It’s college football season again, and thoughts among many in the South, and elsewhere, turn to tailgating and touchdowns, hot dogs and sodas, field goals and fun. (Here in Chapel Hill, we like to remember alumnus Andy Griffith’s famous 1953 comical monologue about football, “What It Was, Was Football.”) Meanwhile, those of us at the UNC Environmental Finance Center (EFC) have completed our first-ever Alabama Residential Water and Wastewater Rates Dashboard, which, in fact, ties in with – you guessed it – football! (As well as tying in with the affordability of water and sewer bills by customers in Alabama, of course.) Continue reading
Stacey Isaac Berahzer is a Senior Project Director for the Environmental Finance Center at the University of North Carolina, and works from a satellite office in Georgia.
Water rate increases can get even more controversial when there is the perception that the related increase in revenue is going to fund government activities other than water service.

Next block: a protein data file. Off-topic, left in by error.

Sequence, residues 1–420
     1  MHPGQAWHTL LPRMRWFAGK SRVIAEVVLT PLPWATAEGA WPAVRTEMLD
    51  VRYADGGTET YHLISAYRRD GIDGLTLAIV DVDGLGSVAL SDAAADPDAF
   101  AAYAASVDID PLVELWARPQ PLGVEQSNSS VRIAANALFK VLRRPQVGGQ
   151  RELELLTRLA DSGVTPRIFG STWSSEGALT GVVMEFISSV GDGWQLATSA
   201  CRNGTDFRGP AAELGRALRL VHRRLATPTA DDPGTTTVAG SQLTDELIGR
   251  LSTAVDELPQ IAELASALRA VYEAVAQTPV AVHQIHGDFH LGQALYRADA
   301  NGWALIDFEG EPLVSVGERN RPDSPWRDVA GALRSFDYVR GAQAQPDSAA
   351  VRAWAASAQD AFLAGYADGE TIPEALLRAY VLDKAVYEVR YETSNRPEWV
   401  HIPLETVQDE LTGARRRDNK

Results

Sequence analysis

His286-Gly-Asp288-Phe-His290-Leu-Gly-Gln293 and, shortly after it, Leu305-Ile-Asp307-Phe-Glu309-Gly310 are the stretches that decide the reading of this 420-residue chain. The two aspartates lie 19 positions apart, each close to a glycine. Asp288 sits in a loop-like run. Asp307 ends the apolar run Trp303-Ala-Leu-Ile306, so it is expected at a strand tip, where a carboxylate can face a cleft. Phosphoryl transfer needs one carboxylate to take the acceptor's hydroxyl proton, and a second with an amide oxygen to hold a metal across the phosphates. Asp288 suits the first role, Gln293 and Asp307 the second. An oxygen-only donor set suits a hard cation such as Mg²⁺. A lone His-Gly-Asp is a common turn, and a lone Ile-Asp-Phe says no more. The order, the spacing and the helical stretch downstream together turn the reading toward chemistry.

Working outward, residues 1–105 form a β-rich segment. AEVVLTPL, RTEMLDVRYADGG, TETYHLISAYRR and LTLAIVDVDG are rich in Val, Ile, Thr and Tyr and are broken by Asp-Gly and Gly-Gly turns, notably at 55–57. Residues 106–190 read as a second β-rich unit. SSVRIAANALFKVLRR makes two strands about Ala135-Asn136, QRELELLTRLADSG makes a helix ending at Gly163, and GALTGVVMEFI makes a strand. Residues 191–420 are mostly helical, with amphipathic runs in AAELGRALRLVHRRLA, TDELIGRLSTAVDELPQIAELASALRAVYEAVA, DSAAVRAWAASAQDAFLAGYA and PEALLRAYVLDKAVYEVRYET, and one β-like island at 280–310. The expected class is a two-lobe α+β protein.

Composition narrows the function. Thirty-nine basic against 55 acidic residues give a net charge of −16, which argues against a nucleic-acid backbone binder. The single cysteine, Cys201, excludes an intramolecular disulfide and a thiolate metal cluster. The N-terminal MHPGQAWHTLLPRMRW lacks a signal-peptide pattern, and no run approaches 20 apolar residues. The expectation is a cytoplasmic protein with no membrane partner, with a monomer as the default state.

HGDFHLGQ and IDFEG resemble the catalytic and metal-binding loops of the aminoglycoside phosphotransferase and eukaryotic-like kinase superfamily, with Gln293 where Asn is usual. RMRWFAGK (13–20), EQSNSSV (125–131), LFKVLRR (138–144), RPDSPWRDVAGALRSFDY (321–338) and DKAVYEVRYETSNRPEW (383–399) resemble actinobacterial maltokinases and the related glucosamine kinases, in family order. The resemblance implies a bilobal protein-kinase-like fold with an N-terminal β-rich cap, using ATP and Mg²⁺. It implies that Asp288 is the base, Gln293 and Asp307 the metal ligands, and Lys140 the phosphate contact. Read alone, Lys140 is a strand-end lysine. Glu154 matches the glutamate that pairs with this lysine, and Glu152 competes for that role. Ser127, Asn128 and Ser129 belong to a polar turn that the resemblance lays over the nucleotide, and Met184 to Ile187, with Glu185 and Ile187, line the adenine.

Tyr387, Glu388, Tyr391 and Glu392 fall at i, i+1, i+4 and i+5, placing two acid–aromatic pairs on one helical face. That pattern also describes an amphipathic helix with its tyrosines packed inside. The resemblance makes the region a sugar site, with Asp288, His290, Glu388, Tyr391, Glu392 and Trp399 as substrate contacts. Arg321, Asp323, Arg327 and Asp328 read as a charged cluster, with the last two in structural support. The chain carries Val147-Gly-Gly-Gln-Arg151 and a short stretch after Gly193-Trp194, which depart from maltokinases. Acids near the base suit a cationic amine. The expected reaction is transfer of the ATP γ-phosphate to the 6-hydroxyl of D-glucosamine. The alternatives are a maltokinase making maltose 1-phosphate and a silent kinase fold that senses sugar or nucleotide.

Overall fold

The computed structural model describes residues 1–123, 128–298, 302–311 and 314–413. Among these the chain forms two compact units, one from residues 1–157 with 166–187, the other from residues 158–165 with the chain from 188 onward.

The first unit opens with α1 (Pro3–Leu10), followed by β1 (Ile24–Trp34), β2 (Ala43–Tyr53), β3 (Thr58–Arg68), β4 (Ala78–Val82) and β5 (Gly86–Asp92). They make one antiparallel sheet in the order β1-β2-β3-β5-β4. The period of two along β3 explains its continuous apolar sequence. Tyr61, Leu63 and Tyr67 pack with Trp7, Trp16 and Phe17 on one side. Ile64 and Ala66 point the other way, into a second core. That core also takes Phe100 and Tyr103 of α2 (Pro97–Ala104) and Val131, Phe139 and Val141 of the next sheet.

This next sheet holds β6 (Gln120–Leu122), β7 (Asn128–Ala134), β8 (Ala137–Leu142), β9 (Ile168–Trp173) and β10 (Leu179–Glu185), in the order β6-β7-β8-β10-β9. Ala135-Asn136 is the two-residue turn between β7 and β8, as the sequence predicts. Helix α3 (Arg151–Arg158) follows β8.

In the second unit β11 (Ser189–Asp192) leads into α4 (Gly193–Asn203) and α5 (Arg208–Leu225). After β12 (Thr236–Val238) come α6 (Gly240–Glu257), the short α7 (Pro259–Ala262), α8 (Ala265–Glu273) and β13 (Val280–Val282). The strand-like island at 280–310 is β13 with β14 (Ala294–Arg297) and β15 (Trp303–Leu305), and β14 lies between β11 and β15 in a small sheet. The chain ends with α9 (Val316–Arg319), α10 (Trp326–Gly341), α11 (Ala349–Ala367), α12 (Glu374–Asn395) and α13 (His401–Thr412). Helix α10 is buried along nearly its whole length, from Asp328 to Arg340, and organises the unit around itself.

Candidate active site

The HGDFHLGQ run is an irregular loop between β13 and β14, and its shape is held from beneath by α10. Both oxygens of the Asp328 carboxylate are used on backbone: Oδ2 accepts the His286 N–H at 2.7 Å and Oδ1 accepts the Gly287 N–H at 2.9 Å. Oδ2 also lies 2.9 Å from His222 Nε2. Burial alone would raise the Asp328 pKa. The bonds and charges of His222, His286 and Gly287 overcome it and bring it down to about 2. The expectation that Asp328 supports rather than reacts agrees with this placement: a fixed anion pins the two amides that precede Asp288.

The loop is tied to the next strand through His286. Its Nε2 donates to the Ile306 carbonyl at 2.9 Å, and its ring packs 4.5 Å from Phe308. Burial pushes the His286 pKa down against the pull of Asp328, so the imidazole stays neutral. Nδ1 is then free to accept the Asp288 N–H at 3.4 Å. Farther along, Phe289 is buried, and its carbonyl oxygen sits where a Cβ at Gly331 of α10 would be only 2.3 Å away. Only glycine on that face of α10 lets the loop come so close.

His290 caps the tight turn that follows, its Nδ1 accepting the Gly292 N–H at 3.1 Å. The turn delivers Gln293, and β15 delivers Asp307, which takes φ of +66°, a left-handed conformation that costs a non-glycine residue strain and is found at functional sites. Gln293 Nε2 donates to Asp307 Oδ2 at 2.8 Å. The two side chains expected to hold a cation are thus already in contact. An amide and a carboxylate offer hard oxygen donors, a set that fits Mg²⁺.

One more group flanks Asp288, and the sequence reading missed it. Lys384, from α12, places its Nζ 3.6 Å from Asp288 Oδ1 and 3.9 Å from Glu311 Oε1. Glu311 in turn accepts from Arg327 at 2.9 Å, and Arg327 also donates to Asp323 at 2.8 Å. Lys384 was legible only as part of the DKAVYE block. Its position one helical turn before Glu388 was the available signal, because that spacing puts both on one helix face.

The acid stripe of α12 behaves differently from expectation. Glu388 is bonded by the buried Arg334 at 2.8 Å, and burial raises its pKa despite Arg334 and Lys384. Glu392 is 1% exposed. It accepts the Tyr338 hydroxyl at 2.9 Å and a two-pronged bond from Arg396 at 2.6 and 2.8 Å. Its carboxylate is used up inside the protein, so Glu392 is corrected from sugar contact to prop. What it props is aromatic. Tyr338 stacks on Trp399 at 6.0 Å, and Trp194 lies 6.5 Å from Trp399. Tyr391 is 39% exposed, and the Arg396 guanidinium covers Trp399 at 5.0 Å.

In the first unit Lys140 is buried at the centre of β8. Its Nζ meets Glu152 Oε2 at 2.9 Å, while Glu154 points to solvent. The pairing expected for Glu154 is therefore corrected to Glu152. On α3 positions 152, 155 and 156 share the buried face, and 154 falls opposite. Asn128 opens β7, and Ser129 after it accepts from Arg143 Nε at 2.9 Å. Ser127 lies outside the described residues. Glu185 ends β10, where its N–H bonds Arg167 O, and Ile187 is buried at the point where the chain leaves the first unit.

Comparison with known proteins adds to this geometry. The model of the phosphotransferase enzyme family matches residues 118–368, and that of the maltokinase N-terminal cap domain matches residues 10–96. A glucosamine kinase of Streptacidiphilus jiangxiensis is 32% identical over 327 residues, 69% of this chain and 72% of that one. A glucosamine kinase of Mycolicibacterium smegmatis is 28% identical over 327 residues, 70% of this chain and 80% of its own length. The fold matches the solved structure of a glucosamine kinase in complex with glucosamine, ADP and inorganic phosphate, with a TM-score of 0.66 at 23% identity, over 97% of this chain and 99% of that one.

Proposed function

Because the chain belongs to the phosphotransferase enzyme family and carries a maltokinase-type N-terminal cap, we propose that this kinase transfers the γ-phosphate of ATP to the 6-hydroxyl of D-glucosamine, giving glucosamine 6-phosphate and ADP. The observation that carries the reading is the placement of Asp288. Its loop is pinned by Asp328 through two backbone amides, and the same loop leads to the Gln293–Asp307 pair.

With the economic downturn, local governments are having a harder time balancing their budgets and the temptation to draw from utility funds becomes harder to resist. Stories are popping up in the press, such as objections over a 59% (utility) rate increase over a 13-year period, in order to hold millage rates steady in one local government. Several factors play into whether this is an unusually high rate of increase. Inflation is one important factor. In the last ten years, the Consumer Price Index (CPI) measure of inflation rose by more than 25%. The power of compounding involved with annual rate increases over the 13 years is also an important consideration. But, if we compared this increase to, say about 2,000 utilities from six states across the country, would the 59% be an outlier? Continue reading